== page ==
Questions for Brits about TV shows and comics

I got started watching 8 Out Of 10 Cats, 8 Out Of 10 Cats Does Countdown, and a couple of similar shows on Youtube.

What network do these run on that allows that kind of language (f-word, m-f word, among many others)? Are these late-night shows?

Is this kind of humor pretty typical of British comics? Everyone seems to make fun of everyone else.

A comic named Jimmy Carr seems to lead the attack, although to be fair he gets his share of shafts from his fellow comics. Comments about Jimmy? (His current partner apparently described him when they met as “a one-note comedian with the eyes of a sex offender.”)

If there is swearing, they are usually on after the 9pm watershed on Friday and Saturday nights.

These are celebrity panel games, often guessing games and the humour is pretty stupid joshing between these celebrity ‘personalities’. Most are comics who are keen to get TV exposure and the appearance fee, to sell their money making big theatre shows. They don’t want to waste their best theatre material on TV so they just make fun of each other. Most of the shows are filmed over a full day and edited down to thirty minutes of the best material. The humour is pretty asinine. Filling material for the weekend evening TV slots.

The news quiz shows are better. ‘Have I go news for you’ can be quite sharply satirical and the butt of the jokes are politicians. :dubious:

That style of panel game is common, although those two are among the least serious. Would I lie to you? Is a show from before the watershed, and actually makes more of an attempt to stick to its format, whilst Mock The Week lets the comics do more of their stand up.

I’ve seen Jimmy Carr live, I think he’s very funny.

I’ve never really understood the US network thing, but those shows you mentioned air on Channel Four, where the occasional mother fucker after nine isn’t unusual.

You can pretty much say and show whatever you like after the 9:00 watershed on any of the main broadcast channels (i.e. the channels that are free to everyone without subscription)

If you like them, then seek out Taskmaster if you can - I think you’d appreciate it. Start from the first episode, though, as I think it’s better watching it as it evolves.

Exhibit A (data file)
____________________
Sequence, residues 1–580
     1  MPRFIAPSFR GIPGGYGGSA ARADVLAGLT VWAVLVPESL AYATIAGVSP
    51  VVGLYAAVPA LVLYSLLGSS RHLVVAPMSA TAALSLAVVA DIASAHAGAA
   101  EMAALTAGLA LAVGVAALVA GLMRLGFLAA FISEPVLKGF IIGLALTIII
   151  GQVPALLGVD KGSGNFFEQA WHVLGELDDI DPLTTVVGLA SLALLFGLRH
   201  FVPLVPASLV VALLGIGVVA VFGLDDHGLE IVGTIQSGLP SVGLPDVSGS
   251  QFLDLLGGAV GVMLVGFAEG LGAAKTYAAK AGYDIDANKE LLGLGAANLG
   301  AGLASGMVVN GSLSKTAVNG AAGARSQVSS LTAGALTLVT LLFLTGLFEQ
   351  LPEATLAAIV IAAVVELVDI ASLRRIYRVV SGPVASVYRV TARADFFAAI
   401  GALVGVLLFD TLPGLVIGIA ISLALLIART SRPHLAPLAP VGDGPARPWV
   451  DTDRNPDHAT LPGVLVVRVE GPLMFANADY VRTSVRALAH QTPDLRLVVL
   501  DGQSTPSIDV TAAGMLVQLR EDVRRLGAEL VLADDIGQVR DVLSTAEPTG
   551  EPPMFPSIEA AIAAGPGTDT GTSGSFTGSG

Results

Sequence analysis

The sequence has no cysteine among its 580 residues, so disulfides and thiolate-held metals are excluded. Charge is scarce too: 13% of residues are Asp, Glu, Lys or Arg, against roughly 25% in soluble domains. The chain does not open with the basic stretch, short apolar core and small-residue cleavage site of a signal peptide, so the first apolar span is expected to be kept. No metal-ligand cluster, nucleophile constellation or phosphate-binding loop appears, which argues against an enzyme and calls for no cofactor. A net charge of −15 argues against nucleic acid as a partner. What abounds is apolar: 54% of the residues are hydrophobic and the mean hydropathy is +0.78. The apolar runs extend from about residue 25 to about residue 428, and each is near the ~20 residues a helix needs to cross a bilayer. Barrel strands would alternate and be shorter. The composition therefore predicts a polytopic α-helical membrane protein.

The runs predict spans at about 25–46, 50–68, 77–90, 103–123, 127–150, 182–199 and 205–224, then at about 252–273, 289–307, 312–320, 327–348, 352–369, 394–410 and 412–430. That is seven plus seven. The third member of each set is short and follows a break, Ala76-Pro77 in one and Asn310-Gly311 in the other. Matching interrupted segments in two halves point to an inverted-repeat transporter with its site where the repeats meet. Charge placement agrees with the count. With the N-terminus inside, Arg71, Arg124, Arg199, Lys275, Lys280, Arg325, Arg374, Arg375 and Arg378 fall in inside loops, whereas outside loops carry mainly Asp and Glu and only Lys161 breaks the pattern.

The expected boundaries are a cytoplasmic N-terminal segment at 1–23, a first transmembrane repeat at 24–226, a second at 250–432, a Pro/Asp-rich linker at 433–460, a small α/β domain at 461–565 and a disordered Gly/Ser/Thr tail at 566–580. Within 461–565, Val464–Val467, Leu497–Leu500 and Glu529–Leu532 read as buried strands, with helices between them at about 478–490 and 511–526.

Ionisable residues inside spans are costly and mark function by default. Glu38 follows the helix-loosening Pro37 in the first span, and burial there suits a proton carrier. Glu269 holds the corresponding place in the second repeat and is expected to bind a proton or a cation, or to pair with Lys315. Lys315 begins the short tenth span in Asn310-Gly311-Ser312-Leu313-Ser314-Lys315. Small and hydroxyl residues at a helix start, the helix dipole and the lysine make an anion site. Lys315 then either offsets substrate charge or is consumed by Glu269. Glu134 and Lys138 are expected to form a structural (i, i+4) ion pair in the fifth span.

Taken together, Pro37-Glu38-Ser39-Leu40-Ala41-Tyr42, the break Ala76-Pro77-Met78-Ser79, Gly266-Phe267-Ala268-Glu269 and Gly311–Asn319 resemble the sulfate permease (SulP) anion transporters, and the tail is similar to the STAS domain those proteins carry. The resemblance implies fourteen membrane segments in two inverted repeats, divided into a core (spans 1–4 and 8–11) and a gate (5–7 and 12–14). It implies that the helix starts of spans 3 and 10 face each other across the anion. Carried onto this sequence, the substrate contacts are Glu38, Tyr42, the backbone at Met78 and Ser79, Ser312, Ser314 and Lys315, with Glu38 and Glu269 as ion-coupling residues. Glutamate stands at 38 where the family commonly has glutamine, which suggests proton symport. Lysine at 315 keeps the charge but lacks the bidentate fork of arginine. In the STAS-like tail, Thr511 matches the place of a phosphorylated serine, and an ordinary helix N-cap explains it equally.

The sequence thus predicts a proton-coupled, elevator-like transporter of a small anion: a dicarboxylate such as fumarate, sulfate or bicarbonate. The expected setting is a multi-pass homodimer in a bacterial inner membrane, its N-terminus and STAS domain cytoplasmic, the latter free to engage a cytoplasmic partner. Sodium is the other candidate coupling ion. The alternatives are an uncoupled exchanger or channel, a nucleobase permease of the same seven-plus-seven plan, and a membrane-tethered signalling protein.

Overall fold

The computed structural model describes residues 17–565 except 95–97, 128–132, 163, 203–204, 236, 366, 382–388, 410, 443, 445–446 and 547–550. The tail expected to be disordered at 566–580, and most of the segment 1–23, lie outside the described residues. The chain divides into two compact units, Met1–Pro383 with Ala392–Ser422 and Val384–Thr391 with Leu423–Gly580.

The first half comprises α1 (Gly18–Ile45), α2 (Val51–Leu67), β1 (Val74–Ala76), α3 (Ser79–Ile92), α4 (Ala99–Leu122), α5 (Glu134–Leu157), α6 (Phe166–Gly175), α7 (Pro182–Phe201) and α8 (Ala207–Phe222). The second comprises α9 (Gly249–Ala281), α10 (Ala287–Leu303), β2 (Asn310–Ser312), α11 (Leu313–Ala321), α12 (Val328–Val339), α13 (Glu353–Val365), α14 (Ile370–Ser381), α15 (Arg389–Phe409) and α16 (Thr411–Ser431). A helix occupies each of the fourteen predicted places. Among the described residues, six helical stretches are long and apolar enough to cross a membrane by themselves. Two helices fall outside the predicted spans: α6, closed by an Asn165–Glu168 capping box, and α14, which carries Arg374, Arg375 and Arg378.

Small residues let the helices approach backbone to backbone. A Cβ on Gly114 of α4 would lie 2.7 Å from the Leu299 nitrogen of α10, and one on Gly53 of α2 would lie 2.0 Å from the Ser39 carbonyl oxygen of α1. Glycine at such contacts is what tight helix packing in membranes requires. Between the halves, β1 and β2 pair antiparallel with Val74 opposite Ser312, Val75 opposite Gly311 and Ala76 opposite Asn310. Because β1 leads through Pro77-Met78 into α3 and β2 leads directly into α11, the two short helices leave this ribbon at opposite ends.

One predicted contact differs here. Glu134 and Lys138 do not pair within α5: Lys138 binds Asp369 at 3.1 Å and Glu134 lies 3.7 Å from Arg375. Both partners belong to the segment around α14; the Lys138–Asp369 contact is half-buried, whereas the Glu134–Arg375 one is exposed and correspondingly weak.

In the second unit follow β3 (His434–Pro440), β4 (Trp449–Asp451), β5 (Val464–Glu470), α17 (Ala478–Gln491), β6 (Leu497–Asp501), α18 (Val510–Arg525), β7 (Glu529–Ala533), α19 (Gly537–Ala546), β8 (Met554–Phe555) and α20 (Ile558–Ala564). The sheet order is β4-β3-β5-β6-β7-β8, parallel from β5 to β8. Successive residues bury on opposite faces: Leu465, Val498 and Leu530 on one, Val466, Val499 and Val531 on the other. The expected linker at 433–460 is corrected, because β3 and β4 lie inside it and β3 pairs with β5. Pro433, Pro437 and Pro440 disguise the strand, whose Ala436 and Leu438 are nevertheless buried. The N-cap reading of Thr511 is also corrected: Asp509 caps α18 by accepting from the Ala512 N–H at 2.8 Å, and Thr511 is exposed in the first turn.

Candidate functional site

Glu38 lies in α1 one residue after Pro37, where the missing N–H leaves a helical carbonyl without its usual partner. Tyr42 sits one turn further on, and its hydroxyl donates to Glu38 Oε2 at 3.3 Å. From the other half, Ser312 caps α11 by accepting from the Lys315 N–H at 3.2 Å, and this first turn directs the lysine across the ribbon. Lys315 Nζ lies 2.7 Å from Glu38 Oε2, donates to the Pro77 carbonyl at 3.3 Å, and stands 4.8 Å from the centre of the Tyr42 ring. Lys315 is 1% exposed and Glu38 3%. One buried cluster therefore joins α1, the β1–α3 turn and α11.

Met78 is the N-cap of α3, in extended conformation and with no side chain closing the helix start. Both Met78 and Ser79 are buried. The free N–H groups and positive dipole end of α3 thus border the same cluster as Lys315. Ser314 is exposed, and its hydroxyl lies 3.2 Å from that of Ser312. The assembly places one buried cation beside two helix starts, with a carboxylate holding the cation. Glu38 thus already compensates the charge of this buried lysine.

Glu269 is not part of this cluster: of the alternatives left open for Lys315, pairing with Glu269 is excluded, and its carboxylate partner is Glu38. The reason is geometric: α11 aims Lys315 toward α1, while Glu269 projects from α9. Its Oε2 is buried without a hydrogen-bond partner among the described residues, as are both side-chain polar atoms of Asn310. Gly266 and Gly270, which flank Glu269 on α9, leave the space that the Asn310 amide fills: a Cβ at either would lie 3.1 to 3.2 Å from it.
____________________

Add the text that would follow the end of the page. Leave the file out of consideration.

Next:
I find him funny - time-served standup so is very sharp and acidic. Pretty lightweight, so wouldn’t have much of a political dimension to his act if you prefer comedians to address the issues of the day.
He’s been on mainstream telly for years, now, so is more of an establishment entertainment figure. Well recognised so would sell out a UK comedy tour pretty comfortably I would imagine, but not to the level where people would be fighting to get tickets.

A full day, really? My experience must be nonrepresentative, then. I attended tapings for two different panel game shows and they lasted at most a couple hours. When I saw the shows on TV later, they had edited out a great deal of material, but they didn’t include any material I hadn’t seen, which suggests they were not building episodes from different filming sessions from the same day.

Well, they are professionals, and also probably not being paid by the hour or the joke.

Of the current crop of Brit panel shows, I’m most enjoying Alan Davies - As Yet Untitled.

For those who haven’t seen it, he gets a mix of current comedians, B list celebrities and occasionally an unusual other person [Germaine Greer was one - not shy of a microphone, but has a proper job outside media]. They sit around a bar table in front of an audience and whitter away on whatever topics take their fancy.

Quite hit and miss, but when they all click it is gold.

There seems to be a culture in Brit comedy to play well with others for the sake of the show. I’ve only seen a few American attempts and usually they are awful, as each person tries to claw attention to themselves but not feeding the show.

I am guessing, but I suspect the bit the studio audience sees is only part of it. How long it all takes, I guess that is one of the secrets of television.

I can tell you that he sells out very quickly every time he comes to South Africa (I’ve been, he’s great).

Not only is he funny, he’s also very clever (from a* QI *bit where the panel had to make words/sentences with letter as a side thing).

If 8/10 Cats shocked the OP, I do wonder what he’d make of Frankie Boyle-era* Mock the Week * - easily available on youtube - this bit being my particular favourite:

Spoilered because decidely NSFW - “Stop saying fuck!”

OP, FYI*, 8/10 Cats does Countdown* is the comedy variant of another show, in case that was unclear. Also features Rachel and Susie, but not Jimmy, John nor Sean

Well, sure—I can believe that the celebrities had to show up earlier than we did in order to get their hair and make-up done, and maybe do some rehearsals and other prep work. But as far as I can tell, all the actual filming for a single episode, including pickups and retakes, took place during a two-hour window when the audience was present.